2. Update both the training_data_reference section and the training_results_reference section with details of the Cloud Object Storage that you are using for this tutorial:

      • Update the endpoint_url field
      • Update the access_key_id field and the secret_access_key field

    The training_data_reference section sets up the $DATA_DIR environment variable, and the training_results_reference section sets up the $RESULT_DIR environment variable.

  2. Submit the training run using the Machine Learning CLI:

    bx ml train tf-model.zip tf-train.yaml

    Example output:

    Starting to train ...
    OK
    Model-ID is 'training-HrlzIHskg'
    

 

Step 4: Monitor training progress and results

  • You can monitor the progress of a training run using the CLI:

    bx ml monitor training-runs training-HrlzIHskg
    
    In this example, the identifier returned from the previous bx ml train command, "training-HrlzIHskg", is specified. Replace that with the identifier that was returned for you.

  • You can view the details of a training run using the CLI:

    bx ml show training-runs training-HrlzIHskg
    
    In this example, the identifier returned from the previous bx ml train command, "training-HrlzIHskg", is specified. Replace that with the identifier that was returned for you.

  • After the training run finishes, you can view log files and other output in the training results bucket of your Cloud Object Storage.
    See: Viewing results in Cloud Object Storage

 

Step 5: Deploy the trained model

You can use your trained model to classify new images only after the model has been deployed.

  1. Before you can deploy the model, you must store the trained model in the Watson Machine Learning repository:

    bx ml store training-runs training-HrlzIHskg
    
    In this example, the identifier returned from the previous bx ml train command, "training-HrlzIHskg", is specified. Replace that with the identifier that was returned for you.

    Sample output:

    OK
    Model store successful. 
    Model-ID is 'a8379aaa-ea31-4c22-824d-89a01315dd6d'
    

  2. Deploy the model:

    bx ml deploy a8379aaa-ea31-4c22-824d-89a01315dd6d "my-first-deployment"
    
    In this example, the Model-ID returned from the bx ml store command, "a8379aaa-ea31-4c22-824d-89a01315dd6d" is specified. Replace that with the Model-ID that was returned for you.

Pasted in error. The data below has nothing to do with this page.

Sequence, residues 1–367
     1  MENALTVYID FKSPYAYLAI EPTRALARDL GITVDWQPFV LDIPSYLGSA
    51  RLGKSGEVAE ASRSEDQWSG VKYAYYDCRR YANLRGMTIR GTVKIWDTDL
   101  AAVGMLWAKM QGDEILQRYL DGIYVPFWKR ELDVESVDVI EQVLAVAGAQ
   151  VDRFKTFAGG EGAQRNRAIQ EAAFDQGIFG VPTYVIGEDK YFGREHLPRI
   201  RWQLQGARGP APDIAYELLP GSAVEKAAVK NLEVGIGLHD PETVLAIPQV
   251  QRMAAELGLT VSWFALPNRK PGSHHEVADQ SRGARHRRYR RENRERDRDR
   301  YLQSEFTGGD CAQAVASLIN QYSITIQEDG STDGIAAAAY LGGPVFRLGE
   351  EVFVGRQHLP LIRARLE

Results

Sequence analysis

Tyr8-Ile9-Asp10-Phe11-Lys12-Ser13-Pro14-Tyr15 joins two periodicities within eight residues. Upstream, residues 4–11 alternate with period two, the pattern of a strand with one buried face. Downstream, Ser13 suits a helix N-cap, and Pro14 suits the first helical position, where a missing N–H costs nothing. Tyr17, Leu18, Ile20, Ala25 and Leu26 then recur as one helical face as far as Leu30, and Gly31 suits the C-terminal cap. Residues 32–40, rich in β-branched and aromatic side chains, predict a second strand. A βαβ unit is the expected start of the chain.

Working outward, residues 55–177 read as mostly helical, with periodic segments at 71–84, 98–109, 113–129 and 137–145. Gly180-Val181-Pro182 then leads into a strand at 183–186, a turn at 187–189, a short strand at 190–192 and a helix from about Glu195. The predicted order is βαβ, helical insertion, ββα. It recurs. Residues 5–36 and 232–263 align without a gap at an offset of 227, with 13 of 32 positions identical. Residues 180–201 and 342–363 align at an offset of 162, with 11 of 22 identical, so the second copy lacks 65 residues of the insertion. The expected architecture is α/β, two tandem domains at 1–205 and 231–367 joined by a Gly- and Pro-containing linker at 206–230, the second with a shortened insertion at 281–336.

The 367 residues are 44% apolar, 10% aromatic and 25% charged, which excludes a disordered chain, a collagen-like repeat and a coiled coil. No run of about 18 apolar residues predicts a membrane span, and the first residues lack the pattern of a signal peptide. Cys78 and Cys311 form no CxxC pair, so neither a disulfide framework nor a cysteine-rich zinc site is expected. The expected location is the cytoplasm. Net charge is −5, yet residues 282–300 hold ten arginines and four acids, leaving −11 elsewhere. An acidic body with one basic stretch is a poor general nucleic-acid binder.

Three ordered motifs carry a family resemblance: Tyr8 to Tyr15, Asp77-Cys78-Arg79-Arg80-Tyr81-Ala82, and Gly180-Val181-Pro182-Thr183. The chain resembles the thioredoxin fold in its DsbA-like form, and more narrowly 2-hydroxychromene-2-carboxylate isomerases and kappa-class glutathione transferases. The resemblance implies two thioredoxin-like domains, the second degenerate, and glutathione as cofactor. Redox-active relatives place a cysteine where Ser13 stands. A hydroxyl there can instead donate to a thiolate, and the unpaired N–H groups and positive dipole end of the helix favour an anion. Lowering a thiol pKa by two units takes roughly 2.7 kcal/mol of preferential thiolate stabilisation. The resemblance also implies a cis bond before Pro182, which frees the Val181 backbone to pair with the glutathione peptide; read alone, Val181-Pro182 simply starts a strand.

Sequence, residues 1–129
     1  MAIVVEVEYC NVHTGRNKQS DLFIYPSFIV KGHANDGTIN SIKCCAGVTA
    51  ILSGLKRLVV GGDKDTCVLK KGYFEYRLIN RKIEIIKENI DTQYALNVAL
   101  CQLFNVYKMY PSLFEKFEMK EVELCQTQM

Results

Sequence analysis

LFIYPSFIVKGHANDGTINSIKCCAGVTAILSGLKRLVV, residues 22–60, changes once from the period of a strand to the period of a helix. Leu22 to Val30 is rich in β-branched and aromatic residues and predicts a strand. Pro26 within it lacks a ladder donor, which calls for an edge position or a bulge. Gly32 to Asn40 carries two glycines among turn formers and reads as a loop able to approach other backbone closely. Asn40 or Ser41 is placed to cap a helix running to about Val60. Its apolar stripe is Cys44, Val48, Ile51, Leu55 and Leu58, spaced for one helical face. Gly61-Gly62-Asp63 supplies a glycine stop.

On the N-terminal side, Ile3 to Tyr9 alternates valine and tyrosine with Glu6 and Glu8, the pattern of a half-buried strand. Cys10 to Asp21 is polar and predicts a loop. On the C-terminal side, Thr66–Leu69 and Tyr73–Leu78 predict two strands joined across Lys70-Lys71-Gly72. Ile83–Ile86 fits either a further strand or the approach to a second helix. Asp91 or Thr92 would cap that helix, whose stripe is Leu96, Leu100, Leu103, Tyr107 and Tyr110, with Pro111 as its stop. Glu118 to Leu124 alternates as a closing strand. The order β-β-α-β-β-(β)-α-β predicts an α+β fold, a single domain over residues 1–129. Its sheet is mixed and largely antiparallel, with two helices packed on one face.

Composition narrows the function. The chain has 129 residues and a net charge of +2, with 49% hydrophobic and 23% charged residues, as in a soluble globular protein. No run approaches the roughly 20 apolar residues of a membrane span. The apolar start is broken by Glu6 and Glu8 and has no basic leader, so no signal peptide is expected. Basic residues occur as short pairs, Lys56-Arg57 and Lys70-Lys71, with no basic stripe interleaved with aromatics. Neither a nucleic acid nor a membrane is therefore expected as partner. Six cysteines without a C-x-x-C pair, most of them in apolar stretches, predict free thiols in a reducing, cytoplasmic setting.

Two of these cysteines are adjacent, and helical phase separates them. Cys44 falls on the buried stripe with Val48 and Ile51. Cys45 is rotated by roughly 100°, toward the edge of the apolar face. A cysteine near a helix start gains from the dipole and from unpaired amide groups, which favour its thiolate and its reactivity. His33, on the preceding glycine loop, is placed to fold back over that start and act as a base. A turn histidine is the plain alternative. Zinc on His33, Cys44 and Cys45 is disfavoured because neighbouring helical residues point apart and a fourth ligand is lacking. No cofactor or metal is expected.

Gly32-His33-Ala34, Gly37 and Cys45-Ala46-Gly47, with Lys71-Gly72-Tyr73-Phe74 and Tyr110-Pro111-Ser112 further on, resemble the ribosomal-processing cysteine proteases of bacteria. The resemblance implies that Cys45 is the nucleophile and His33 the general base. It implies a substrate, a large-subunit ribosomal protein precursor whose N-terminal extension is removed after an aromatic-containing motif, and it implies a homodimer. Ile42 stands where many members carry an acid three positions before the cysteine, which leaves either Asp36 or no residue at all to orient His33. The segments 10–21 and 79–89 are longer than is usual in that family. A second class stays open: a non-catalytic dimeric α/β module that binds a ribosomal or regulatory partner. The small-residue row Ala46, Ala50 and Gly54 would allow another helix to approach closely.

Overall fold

Sample output:

    Deploying the model with MODEL-ID 'a8379aaa-ea31-4c22-824d-89a01315dd6d'...
    DeploymentId       9d6a656c-e9d4-4d89-b335-f9da40e52179
    Scoring endpoint   https://2000ab8b-7e81-41b3-ad07-b70f849594f5...
    Name               my-first-deployment
    Type               tensorflow-1.5
    Runtime            python-3.5
    Created at         2017-11-28T12:46:19.770Z
    OK
    Deploy model successful
    

 

Step 6: Test the deployed model

You can quickly test your deployed model using the Watson Machine Learning CLI.

  1. Download this sample payload JSON file with input data corresponding to the handwritten digits "5" and "4": tf-mnist-test-payload.json external link

  2. Update the sample payload file, tf-mnist-sample-payload.json, with your model details:

    • modelId: Specify the Model-ID returned from the bx ml store command
    • deploymentId: Specify the DeploymentId returned from the bx ml deploy command

  3. Test the model using the Watson Machine Learning CLI:

    bx ml score tf-mnist-test-payload.json
    
    Sample output:
    Fetching scoring results for the deployment '9d6a656c-e9d4-4d89-b335-f9da40e52179' ...
    {"classes":[5, 4]}
    OK
    Score request successful
    
    In this output, we can see: the first input data was correctly classified as belonging to the class "5", and the second input data was correctly classified as belonging to the class "4".